Marvel creators have paid tribute to this configuration of the Fantastic Four for years, in particular using alternate or warped reality stories to bring the team back to life. For example as part of the 2000 The Ages of Apocalypse event–not to be confused with the earlier Age of Apocalypse–we meet yet another version of this Fantastic Four in Wolverine #148, and this version actually wears the classic blue-and-white uniform.

Most recently, fan-favorite Incredible Hulk writer Peter David and artist Alan Robinson brought Marvel the ironically titled New Fantastic Four which is set right after the events of the first story that brought together Ghost Rider, Hulk, Spider-Man, and Wolverine. A priest who doesn’t know he was born with wish-granting powers unintentionally summons the four of them together to deal with a demonic threat. Along with great art and a fun story, in its final issue New Fantastic Four delivers a mid-battle quip so bad that the next panel really should’ve been Spider-Man groaning (it wasn’t).

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Johnny Storm delivers a horrible pun in New Fantastic Four #5 (Marvel Comics 2022) – I’m not sure if the demon is hurt more by the flame or by the pun.

Now all of this comic book history may be fun but how, you may ask, does any of it justify the Marvel Cinematic Universe replacing the OG Fantastic Four? It doesn’t, and I wouldn’t want FF fans to be robbed of the original four. All I’m suggesting is one team-up; a single gathering of Mark Ruffalo as Hulk, Tom Holland as Spider-Man, and whichever actors are ultimately chosen to play Ghost Rider and Wolverine respectively (assuming they aren’t Gabriel Luna and/or Hugh Jackman).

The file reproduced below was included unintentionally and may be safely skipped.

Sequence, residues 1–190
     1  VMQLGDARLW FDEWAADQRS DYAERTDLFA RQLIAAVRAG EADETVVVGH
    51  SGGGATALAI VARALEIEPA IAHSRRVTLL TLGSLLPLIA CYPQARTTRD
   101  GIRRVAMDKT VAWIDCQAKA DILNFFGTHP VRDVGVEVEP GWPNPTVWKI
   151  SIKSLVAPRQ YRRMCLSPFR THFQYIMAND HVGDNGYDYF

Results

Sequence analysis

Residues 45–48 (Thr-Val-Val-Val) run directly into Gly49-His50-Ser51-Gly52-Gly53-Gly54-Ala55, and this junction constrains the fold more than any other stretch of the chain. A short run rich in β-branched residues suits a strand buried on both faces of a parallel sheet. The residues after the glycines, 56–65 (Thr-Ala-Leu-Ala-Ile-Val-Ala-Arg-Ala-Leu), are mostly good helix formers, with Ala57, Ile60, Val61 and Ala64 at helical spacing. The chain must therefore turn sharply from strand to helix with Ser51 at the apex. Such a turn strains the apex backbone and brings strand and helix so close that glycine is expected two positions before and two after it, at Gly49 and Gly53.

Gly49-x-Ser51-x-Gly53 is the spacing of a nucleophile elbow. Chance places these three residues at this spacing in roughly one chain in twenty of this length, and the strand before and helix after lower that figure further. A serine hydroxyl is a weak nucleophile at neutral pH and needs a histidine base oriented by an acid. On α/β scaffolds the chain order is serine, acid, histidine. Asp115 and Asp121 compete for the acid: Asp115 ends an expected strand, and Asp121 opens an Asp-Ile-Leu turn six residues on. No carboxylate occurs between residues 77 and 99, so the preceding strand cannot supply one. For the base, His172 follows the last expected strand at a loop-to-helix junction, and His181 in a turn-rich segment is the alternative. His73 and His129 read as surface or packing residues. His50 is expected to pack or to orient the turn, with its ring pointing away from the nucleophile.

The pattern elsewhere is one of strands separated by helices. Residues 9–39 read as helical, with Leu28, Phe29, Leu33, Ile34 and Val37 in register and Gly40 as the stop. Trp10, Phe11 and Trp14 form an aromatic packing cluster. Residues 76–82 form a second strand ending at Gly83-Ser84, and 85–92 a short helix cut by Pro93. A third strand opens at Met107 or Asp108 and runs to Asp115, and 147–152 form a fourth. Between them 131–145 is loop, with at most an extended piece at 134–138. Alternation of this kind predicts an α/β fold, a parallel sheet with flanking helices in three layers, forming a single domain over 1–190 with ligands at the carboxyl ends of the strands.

And for this desperate need on my part, you can blame the otherwise excellent 2013 video game LEGO Marvel Super Heroes. In the game, once you unlock the ability to return to completed levels with whatever hero line-up you choose, you get the opportunity to unlock new achievements.

Many of these achievements are fandom in-jokes; for example you can earn the “Don’t I Know You?” achievement by putting Captain America and Human Torch on the same line-up (because Chris Evans has played both on the big screen). You get the “Puny God” achievement for performing Hulk’s special move on Loki, which looks exactly like how Hulk trashes Loki in 2012’s Avengers.

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LEGO Marvel Super Heroes (2013)

However even though LEGO Marvel Super Heroes‘ fun achievements convinced me that if I assembled a New Fantastic Four line-up of Ghost Rider, Hulk, Spider-Man, and Wolverine on a level–which required a significant time investment in unlocking Ghost Rider as a playable character–that the game would have a secret achievement waiting for me… I was incorrect. I trashed Doctor Doom’s Latverian stronghold with those four heroes and my only reward was killing imaginary people with other imaginary people and, admittedly, that’s plenty fun.

Since LEGO Marvel Super Heroes failed me and any other New Fantastic Four fan hoping for that achievement, it is now Kevin Feige’s job to provide satisfaction. You know you want to do it, Feige.

Have Hulk and Wolverine have a fight in the middle of it–that alone would boost ticket sales. If John Krasinski wants to make another cameo that’s fine, but just let him know he’ll probably die again.

And we all deserve the chance–regardless of who’s playing him–to see Wolverine make Tom Holland cry. You know I’m right!